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How relationship intelligence is reshaping remote investment banking

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Investment banking has always been a relationship-based business. While relationships have remained a constant in the industry, how those relationships are built and maintained has continued to evolve. Technology, and relationship intelligence specifically, is continuing to change how relationships are managed in the current M&A climate by supporting hybrid working relationships and making global communications and relationship building easier than ever.

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From lockdowns to explosive growth to “normalcy”

While the industry had to pivot to new ways of communicating throughout the shutdown in 2020, the foundation of what makes a bank successful never changed. Major players in the industry started to adapt new ways of building relationships and turning to technology—from video conference calls to relationship intelligence platforms—to close deals.

Remote culture served as a massive growth accelerator for both teams and digitization efforts. Teams became faster and more efficient and were able to accomplish more in a fraction of the time. Many people made themselves available 24/7, and the new remote work culture created the perfect storm for 2021’s explosive M&A activity. Without having to schedule an in-person meeting, deals were closing faster than ever. 

 

Adapting to banking’s new hybrid market

The experience of virtual meetings and closings is here to stay, but we've seen some in-person meetings return in 2022 as M&A deal volume has normalized.

The post-lockdown rebound has happened faster than some firms were prepared for, however. Leading investors are now using in-person meetings to differentiate themselves. Things they were doing in 2019—booking a flight to attend an in-person meeting and shake some hands—are now seen as going the extra mile.

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Having the right technology to adjust to hybridization has helped support the transition and helped teams maintain their most important deals. Relationship intelligence is giving teams the ability to explore lucrative opportunities within their own network. Meeting and email volume (as well as network growth rates) have slowed as bankers have turned to their existing networks to maximize the return on their time spent building relationships and fulfilling mandates.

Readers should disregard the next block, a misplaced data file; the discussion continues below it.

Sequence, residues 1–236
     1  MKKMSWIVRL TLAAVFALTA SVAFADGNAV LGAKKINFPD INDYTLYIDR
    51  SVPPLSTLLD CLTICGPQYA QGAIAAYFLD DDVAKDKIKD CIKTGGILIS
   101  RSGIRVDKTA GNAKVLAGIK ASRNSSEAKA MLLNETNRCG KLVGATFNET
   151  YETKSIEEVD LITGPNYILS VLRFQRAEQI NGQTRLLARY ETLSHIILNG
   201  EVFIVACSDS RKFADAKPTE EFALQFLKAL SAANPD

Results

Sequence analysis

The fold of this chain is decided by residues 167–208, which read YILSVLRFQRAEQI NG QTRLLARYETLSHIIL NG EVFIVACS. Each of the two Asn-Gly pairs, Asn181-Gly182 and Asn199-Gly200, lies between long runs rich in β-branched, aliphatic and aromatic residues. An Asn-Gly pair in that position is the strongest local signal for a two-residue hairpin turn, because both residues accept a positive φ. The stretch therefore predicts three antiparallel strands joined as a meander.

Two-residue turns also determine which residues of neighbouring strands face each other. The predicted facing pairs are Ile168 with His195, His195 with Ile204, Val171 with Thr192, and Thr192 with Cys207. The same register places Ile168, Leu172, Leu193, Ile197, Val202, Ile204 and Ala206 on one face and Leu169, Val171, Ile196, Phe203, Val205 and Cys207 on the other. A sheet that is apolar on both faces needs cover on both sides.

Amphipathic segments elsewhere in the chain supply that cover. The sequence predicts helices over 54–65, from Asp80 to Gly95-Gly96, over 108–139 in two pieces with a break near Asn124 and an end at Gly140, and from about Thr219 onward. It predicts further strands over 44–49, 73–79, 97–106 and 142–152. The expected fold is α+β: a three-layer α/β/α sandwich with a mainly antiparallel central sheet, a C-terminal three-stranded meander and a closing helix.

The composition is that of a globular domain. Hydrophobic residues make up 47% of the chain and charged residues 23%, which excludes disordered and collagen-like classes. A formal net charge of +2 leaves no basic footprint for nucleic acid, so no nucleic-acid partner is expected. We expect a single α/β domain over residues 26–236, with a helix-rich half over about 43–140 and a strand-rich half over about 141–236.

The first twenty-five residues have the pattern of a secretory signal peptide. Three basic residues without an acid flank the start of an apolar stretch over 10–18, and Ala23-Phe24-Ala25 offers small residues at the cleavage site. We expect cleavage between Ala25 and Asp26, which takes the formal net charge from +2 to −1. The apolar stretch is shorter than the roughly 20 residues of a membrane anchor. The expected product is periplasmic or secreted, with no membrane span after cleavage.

An increasingly global M&A market requires more specialized tools

We’ve seen a greater geographic distribution of activity across capital markets—from M&A to fundraising and IPOs—around the globe as more firms continue to expand distributed teams. While companies used to be clustered around certain geographies, they’re now being built, managed, and sold globally. And these interactions are being facilitated by technologies enabling broader and more accessible professional networks. 

As a clear example of this expansion, Europe’s 37.4% YoY increase pushed Europe past the U.S. in M&A activity. This is partially because tech-focused private equity funds, primarily in the US, are now able to turn to Europe to find a better value.

The growth of remote dealmaking is driving these international partnerships in venture capital as well. Learn more.

These funds and other companies are opening offices throughout Europe to find attractive assets without paying eight to twenty times revenue on an entry multiple to get into a quality company. More access to these relationships has also increased access to more buyers which typically results in mandates closing more quickly. 

Maintain dealmaking momentum by capturing and using data more effectively

With more buyers, more countries to operate in, and more relationships to maintain than ever, firms are drowning in useful but enormous datasets. Digitized versions of manual tools can no longer keep up with the influx, and relationship intelligence is giving firms a competitive edge over teams that are stuck in spreadsheets.

Relationship intelligence technology allows people to leverage more meaningful connections, no matter where their business is located or what asset classes they manage. The most forward-thinking firms should be focused on relationships and finding technologies that enable them to spend more energy on building those relationships from anywhere in the world.

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